Do you ever find yourself saying things like, “I need to exercise more” or “I wish I could stop the negative chatter in my head” but you’ve never quite accomplished either? The best answer to pesky questions like that might just be as easy as saying “thank you.” Yep. Gratitude.
Turns out, giving thanks has very specific benefits to our physical and mental health. Scientists have actually proven that gratitude can have measurable effects on our overall well-being!
The word gratitude comes from the Latin gratia (grace, favor, goodwill). Literally, practicing gratitude brings grace into our lives. It helps us connect to something outside of ourselves—whether it’s other people, nature, or a higher power.
Here are five amazing things that gratitude brings to your life and your health.
1. It revs up your immune system.
Gratitude can actually boost your immune system! By promoting feelings of optimism, being thankful stimulates the production of red blood cells which in turns boosts our immunity to disease.
2. You’ll sleep better at night.
Spending just 15 minutes a night before bedtime writing in a gratitude journal was shown to improve sleep in a study published in Applied Psychology: Health and Well-Being. It makes sense if that’s the last thing your brain is thinking about, instead of a news program of the latest doomsday headlines, sports, or a movie. And who doesn’t want to sleep better?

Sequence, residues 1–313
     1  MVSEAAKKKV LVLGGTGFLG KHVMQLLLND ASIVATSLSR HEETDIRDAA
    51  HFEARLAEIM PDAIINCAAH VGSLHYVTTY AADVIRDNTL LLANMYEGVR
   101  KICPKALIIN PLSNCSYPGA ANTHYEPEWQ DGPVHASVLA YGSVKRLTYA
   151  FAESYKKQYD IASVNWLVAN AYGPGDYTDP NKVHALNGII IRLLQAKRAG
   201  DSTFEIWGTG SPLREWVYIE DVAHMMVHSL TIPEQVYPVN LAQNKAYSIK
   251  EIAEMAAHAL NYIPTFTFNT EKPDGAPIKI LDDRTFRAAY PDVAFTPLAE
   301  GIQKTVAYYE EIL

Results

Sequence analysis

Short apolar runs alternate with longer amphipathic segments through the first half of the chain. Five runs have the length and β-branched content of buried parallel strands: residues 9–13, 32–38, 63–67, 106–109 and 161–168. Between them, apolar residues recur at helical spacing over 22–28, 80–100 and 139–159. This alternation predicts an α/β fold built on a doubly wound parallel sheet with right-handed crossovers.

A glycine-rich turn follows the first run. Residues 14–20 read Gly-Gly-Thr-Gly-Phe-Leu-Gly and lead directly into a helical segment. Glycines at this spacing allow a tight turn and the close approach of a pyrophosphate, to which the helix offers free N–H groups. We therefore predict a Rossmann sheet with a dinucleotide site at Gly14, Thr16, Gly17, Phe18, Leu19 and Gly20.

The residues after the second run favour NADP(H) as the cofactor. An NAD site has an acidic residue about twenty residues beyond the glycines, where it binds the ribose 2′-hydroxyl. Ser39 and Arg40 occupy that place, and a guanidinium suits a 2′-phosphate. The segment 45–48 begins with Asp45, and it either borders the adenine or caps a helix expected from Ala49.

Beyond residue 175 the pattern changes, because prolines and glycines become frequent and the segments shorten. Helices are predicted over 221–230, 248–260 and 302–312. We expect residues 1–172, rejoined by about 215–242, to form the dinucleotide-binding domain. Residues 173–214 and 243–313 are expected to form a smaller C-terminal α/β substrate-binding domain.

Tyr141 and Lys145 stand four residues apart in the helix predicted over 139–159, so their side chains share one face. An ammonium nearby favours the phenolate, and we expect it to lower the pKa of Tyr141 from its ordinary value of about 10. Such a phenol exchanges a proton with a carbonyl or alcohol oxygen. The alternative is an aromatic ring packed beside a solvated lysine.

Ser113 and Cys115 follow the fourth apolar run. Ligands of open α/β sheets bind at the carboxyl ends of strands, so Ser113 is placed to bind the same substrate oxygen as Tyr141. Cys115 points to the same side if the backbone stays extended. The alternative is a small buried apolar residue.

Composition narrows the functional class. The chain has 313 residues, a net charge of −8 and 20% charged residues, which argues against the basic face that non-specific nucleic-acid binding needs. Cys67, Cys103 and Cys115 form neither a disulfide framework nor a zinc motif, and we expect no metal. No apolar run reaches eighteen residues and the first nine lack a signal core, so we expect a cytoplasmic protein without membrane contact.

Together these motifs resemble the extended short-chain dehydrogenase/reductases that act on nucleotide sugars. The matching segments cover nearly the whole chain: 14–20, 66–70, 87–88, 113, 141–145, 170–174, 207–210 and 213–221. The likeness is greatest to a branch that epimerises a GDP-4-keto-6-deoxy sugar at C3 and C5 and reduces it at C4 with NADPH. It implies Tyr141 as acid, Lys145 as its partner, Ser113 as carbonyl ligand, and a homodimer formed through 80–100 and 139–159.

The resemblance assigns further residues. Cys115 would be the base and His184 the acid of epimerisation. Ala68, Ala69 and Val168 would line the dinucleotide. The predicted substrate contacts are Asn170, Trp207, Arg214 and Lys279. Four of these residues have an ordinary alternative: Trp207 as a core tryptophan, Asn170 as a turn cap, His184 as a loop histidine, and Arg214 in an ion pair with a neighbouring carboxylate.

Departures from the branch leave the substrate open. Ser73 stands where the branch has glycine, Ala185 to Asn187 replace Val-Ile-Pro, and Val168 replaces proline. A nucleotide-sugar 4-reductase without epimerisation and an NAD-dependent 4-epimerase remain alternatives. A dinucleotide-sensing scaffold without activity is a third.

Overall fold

3. Grateful people feel healthier, exercise more, and have fewer aches and pains.
In a study by noted gratitude expert Dr. Robert A. Emmons, participants were asked to write just a few sentences a week about things they were grateful for. Another group wrote about things that annoyed or irritated them, and a third group wrote about events in their life (not specifically positive or negative). Participants that focused on gratitude were more optimistic and felt better about their lives compared to the group that focused on irritations.
4. It’s an emotional detox.
Practicing gratitude can decrease a range of toxic emotions, from regret and resentment to envy and frustration.
5. You’re the best version of you.
Gratitude can reduce aggression and increase empathy and compassion, according to a study by the University of Kentucky in 2012. Those who ranked higher on gratitude scales exhibited greater sensitivity and empathy toward others, even when given negative feedback, as well as a reduced desire to seek revenge.
All of these benefits are great, but like any practice the question is, how do you start and more importantly, stick with it? The good news is, there are a lot of simple and practical ways to incorporate more gratitude into your daily life and routine. What’s most important is the intention to feel gratitude for someone or something, and to express it in some way every day.
Why not just try and see what happens when you experience and express gratitude? What have you got to lose? Like many new practices, it takes time to become a habit. Keep at it, striving for progress over perfection. As you practice, inner shifts will occur. Then one day you’ll notice feelings of hope and contentment, or you’ll feel less anxious: sure signs that the grace of gratitude is at work.